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Online Training Geohazards: Coal hazard - mining subsidence plus fault reactivation

20 April 2021
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Event type:
Contributes to CPD, Lecture
Organised by:
Geological Society Events
Virtual event
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CPD Geohazards Lecture Series presents Coal Hazard Mining Subsidence Plus Fault Reactivation by Dr. Pete Brabham

Start time: 17.00 hrs

From 1750 to the 1970s the UK coal industry was the lifeblood of the Industrial revolution and UK energy, peak extraction taking place in 1912-13. Coal mines varied from single tunnels (adits) driven into hillsides over time to collieries employing 1000s of men with twin shafts to depths of over 3000ft. In South Wales alone there are over 1400 recorded mines. Before 1840, there was no legal requirement to make any maps of mining activities. Due to the large number of tragic accidents, in 1840 a law came into force that coal mines had to maintain an accurate underground map. When mines closed these maps were often discarded, so the law was amended in 1872 that on abandonment all mine plans had to be deposited in a central datastore. With privatisation of British Coal in 1994 all mine plans were transferred to the Coal Authority in Mansfield. Today the detailed paper plans are now available in digital format and can be incorporated into modern GIS.

When coal is extracted underground, the subsequent collapse of the strata can result in surface deformation or subsidence, this can take the form of crown holes or troughs. Often coal mining zones (takes) were naturally bounded by geological faults. Differential subsidence has caused some of these faults to become reactivated, resulting in a linear scarp on the land surface. Old mine shafts that were infilled with wooden rafts can potentially fail many decades later. In operation, mines were either naturally draining or kept dry by pumping. On abandonment over a period of 30 years, the groundwater can rebound. This minewater is often polluted by Iron Pyrites that can result in a red ochre staining polluting of local rivers. Waste from the mining process was usually deposited in tips without any careful engineering. Failure of tip on a steep valley side culminated in the tragedy of the Aberfan disaster in October 1966. After Aberfan many of the tips were reprofiled but with recent heavy rainfall events we have seen a re-occurrence of tip failures in South Wales.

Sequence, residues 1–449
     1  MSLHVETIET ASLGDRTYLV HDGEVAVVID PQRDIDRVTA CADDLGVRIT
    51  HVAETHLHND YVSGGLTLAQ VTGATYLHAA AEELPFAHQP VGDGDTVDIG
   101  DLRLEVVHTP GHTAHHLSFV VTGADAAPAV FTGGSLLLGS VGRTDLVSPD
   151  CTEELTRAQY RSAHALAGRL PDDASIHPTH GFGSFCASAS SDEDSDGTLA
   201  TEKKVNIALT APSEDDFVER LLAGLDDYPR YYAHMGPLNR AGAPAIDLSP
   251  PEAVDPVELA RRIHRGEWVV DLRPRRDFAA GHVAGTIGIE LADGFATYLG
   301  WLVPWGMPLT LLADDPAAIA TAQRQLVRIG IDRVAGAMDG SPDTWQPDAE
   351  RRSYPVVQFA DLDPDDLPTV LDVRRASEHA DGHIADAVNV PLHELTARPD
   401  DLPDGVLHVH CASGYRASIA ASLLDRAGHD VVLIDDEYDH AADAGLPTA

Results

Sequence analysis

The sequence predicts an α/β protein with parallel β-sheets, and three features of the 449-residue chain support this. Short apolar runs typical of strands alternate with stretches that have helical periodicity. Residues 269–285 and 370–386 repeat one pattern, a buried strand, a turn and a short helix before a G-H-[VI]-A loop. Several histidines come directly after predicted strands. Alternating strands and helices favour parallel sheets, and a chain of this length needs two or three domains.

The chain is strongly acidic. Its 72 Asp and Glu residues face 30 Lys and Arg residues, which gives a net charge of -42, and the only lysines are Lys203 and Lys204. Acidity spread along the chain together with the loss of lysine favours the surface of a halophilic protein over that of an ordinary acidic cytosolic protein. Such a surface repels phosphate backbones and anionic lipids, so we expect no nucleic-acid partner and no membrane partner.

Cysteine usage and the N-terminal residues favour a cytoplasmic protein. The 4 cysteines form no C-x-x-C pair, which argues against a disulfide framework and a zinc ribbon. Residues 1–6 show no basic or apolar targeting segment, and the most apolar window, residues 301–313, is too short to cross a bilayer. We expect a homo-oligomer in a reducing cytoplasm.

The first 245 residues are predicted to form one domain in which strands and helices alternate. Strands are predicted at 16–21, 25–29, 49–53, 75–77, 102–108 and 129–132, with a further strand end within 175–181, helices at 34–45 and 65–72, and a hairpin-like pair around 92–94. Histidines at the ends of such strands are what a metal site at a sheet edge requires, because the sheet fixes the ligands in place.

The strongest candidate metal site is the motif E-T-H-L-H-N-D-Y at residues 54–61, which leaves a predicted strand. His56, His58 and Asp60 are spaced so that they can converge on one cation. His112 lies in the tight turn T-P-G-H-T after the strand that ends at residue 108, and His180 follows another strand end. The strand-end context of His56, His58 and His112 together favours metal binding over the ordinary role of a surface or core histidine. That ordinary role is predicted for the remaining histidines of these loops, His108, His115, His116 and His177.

Speaker - Dr Peter Brabham

Peter Brabham was born in the Rhondda Fawr Valley South Wales in a coal mining family, his grandfather was killed in a coal mining accident in 1956. As a child he played on the local abandoned colliery site throwing stones down the open shaft. Peter graduated in 1982 with a degree in Exploration Geophysics from Cardiff University. He then spent four years at Durham University researching into the application of seismic surveying to shallow onshore coal deposits. His time at Durham coincided with the UK miners’ strike of 1984-5. After gaining his PhD he took up a temporary post teaching at Cardiff University and 33 years later he is still there. In 1992 his geophysics research students formed the Terradat geophysical survey company. For the past decade, Peter has been the Director of the highly respected MSc Applied Environmental Geology programme. His expertise in South Wales coal geology is now being utilised by the FLEXIS Energy programme in Wales to investigate the ground heat potential of minewater in the abandoned coal mines.


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